From "Top Kill" to "Dead Man's Switch": What BP's Oil Spill Lexicon Reveals About Its Brand

After the devastating Gulf oil spill, I wrote a few weeks ago about BP needing to look after their brand's soul and not worry too much about their brand image. But the longer this tragedy goes on, the more I wonder if this company ever had a soul. In the latest news, as BP scrambles to stop the leak, the misguided brand is drowning in poor word choices that are making its failing efforts feel even worse.

Strategies to stop the leak are named "Top Kill," "Top Hat," "Hot Tap," "Junk Shot." They're using something called "Corexit" as the oil dispersant. We have heard that the explosion was caused by "dead batteries in the dead man's switch." What is up with these heinous words being spewed about like oil leaking into the Gulf? Who came up with these names? I know what a "dead man's switch" is, but given there have been 11 fatalities in this disaster, one would think BP would be more considerate about what they are saying. Or is "spilling" everything just part of their M.O.?

BP's pseudo-branding terms for how they are going to fix the disaster may well represent something essential about the true BP. After all, their CEO, Tony Hayward famously declared: "The Gulf of Mexico is a very big ocean. The amount of volume of oil and dispersant we are putting into it is tiny in relation to the total water volume." That rhetoric is an insulting description for this calamity, particularly to the thousands who make a living in that water and depend on that water.

BP and its marketing and branding agencies had done a great job on their brand for years. To see them now abandon any sort of positive strategic thought about how the brand is being portrayed just proves that the visual and verbal brand identity created for BP was only skin deep. There never was an Oz out there. Only a get-it-on-the-cheap bureaucracy behind the green curtain. How are we as consumers suppose to digest the uncertainty of how bad this thing will ultimately be while being blasted with 24/7 coverage about how BP is trying to "kill" this and "tap" that or throw "junk" at it? Even "Deepwater Horizon" sounds like something I hope I never see in person.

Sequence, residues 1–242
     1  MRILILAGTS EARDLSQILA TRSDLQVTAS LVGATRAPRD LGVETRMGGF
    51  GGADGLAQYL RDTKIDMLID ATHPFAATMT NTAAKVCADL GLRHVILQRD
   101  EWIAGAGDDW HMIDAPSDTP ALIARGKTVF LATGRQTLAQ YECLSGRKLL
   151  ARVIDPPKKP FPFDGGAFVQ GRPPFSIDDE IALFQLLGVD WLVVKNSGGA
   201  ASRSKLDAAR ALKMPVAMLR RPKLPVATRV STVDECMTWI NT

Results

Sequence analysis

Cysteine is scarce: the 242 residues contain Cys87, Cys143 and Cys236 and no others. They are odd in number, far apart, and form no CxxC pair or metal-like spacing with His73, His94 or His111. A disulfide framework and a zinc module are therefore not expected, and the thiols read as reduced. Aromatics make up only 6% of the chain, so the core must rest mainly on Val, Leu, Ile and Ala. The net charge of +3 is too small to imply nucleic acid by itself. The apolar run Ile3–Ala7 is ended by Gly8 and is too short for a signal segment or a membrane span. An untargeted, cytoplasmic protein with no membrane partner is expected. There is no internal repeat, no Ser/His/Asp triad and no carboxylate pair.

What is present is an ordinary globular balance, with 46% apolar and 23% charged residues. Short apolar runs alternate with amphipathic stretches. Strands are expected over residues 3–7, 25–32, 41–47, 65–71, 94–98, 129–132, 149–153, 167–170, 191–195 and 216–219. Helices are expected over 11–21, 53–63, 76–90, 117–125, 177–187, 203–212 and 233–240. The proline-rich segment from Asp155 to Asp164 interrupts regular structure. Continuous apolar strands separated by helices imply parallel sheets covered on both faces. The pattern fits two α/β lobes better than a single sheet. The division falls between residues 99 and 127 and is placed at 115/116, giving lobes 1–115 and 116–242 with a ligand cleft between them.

You could certainly argue that names don't matter—that they can call their fixes Little Bo Peep as long as they do something that actually works. But it's hard to fathom why BP isn't branding the possible solutions to this crisis with more positive names that resonate a good outcome, even if it's only their hope. Where is the crisis management group, and why aren't they working with the same brand geniuses that brought us the Helios House and the beautiful iconography to at least make us feel a little better about this debacle?

I suspect there is group huddling as we speak, with marketers clicking their gooey, tar-ladened heels together and saying, "There’s no place like home." Sorry, BP, you'll be living with what may be the worst man-made environmental disaster in history for a long time.

Jamey Boiter's Brand Innovatr blog
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Jamey Boiter is a nationally recognized brand strategist and practitioner. As BOLTgroup's brand principal, he oversees all brand innovation and graphic design teams. He has received numerous awards, ADDYs, and citations for his work in brand development, packaging, and corporate identity, including award-winning projects for AirDye, Lowe's, IZOD, Nat Nast, G.H. Bass, Marc Ecko, and Forté Cashmere. Jamey has been involved in strategic brand development and design management programs with world-class brands such as Kobalt Tools, Ryobi, Coca-Cola, Kraft, IZOD, and Phillips-Van Heusen, and has been a featured speaker at national conferences and college campuses on the subject of brand strategy, innovation and development.

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1 Comments

  • Stefan Morris

    My assumption was that most of these names were actually industry terms - in which case, seems very reflective of the oil industry itself.